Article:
In 1991, Keidanren announced the "Keidanren Global Environmental Charter," in which it stated explicitly that "endeavoring to deal with environmental problems is an essential condition for corporate existence and activities," and declared its intentions to pursue voluntary and active efforts in behalf of environmental preservation. In 1996 it compiled the "Keidanren Appeal on the Environment," in which it specified concrete policies for promoting measures to deal with global warming and for promoting a recycling-based society; in this appeal, it also identified courses of action for the creation of environmental management systems, the implementation of environmental audits, and the inclusion of environmental considerations in overseas business activities. Consistent with such actions, it then announced the "Keidanren Voluntary Action Plan on the Environment" in 1997, through which it created an ongoing framework designed for the steady implementation of environmental measures at all levels of Japanese industry.
Environmental problems such as global warming, which are long-term in nature and arise on a global scale, have causes that relate to all business activities and that touch on every aspect of our daily lives. Because of this, they possess a character that makes uniform limits on activities impossible, and that hinders adequate responses through adoption of conventional regulations. In place of traditional regulatory measures, which were effective in dealing with pollution and other problems in the 1970s, the approach viewed as having the most promise with respect to global scale issues is voluntary action. Voluntary actions are effective because they permit persons with the greatest knowledge of their own businesses to independently propose and execute measures that are highly effective from a cost-benefit standpoint, based on comprehensive considerations of technical trends and other management-related judgements.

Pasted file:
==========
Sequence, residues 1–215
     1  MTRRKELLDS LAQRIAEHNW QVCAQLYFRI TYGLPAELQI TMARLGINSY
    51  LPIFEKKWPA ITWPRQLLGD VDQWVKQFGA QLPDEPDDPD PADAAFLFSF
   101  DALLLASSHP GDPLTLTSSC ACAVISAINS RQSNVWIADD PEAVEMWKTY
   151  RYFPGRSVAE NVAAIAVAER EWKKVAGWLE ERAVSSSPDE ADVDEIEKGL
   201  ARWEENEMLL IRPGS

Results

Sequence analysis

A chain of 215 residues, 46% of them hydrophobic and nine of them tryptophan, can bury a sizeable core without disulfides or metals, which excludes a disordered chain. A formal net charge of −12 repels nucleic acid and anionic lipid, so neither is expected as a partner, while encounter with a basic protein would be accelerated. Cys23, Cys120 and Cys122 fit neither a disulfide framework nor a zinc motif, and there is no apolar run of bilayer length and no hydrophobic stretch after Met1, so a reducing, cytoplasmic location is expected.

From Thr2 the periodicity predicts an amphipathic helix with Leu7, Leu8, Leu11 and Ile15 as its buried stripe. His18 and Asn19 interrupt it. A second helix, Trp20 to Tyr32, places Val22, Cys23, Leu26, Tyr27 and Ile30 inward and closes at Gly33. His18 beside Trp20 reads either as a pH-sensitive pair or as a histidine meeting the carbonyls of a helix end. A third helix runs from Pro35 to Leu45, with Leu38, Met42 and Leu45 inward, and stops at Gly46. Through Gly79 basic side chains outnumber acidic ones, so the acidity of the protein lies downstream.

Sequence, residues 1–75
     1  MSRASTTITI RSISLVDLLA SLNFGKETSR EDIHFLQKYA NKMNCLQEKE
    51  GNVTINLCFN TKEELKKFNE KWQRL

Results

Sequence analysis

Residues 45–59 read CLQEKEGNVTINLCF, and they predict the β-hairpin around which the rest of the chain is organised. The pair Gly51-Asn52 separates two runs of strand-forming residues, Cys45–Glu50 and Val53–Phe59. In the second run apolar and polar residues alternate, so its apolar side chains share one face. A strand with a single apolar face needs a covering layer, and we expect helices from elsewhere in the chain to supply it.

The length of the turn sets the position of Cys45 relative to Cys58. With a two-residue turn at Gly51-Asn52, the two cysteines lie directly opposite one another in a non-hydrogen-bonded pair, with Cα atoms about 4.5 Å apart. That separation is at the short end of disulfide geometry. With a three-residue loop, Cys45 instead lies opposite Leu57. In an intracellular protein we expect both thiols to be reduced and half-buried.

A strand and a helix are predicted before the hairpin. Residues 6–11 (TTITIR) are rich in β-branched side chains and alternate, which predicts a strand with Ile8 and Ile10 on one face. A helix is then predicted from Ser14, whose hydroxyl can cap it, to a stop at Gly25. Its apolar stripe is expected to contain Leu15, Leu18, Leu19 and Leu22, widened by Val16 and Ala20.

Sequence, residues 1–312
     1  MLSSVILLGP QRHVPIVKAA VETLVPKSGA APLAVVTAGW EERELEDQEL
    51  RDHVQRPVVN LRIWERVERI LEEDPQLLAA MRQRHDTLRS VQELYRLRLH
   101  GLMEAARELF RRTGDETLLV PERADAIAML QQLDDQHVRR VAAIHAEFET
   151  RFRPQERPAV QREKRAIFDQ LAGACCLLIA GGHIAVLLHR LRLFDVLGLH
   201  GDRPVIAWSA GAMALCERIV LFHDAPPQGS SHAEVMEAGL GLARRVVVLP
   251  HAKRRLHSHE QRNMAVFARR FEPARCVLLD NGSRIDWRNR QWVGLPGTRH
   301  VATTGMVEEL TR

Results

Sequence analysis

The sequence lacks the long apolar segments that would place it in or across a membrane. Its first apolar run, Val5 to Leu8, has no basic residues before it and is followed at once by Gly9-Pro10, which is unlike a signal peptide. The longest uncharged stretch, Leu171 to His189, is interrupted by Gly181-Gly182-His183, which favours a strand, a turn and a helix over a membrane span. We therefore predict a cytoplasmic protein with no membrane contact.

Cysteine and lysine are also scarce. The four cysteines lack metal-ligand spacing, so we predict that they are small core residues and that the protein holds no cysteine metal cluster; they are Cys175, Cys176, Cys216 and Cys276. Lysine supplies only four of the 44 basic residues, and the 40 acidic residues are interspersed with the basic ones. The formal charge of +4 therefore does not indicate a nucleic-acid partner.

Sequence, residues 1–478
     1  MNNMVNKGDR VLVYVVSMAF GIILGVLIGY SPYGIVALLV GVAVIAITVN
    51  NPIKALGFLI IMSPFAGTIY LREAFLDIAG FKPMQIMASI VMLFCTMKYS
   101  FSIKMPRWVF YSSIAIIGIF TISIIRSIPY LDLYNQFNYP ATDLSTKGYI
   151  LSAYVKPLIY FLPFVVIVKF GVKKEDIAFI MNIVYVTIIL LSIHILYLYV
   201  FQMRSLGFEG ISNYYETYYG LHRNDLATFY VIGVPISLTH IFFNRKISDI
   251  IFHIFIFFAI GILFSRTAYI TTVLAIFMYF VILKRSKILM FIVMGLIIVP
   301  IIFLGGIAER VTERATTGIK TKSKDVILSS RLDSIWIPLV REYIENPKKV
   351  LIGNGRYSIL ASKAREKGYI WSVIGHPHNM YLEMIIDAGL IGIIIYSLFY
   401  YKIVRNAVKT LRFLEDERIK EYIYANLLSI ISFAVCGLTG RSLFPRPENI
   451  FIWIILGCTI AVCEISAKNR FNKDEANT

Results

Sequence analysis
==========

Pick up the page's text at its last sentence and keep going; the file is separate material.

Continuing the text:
The Keidanren Voluntary Action Plan on the Environment is an initiative that deals with important issues such as global warming, waste disposal, and so on on a comprehensive industry level, involving 41 industries and 142 industry organizations (37 industries and 138 industry organizations at the plan's inception). Given such broad participation, we believe that this initiative will contribute greatly to reducing CO2 emissions and to promoting the reduction and recycling of waste in Japan.
In promoting this kind of voluntary effort, a crucial element is the incorporation of a scheme that will allow "incentives in the form of public promises" to take effect. This is brought about by having industries declare specific goals, by conducting follow-ups annually on the progress being made toward those goals, and by making public each industry's progress.
From this perspective, industry conducts annual follow-ups on the progress being made under the voluntary action plan, and releases this information to a wide public audience. On the other hand, the Government of Japan has identified the Follow-up to the Keidanren Voluntary Action Plan on the Environment as an integral part of measures being taken under its "Guideline of Measures to Prevent Global Warming," which was developed and adopted in June 1998. Accordingly, in its various related councils, the government reviews the progress being made under the action plans of the various industries from a third-party standpoint, and publicizes the results of such reviews.
With respect to waste-related measures, Keidanren has been surveying the status of actions being taken by the major industries every year since 1990, and has released these results to the public. Moreover, in order to strengthen waste-related measures, Keidanren integrated such measures into its Voluntary Action Plan on the Environment in 1997, when the action plan was being adopted. In the current follow-up, it intends to declare a quantitative target on the waste issue as well for industry as a whole, and is currently compiling its findings.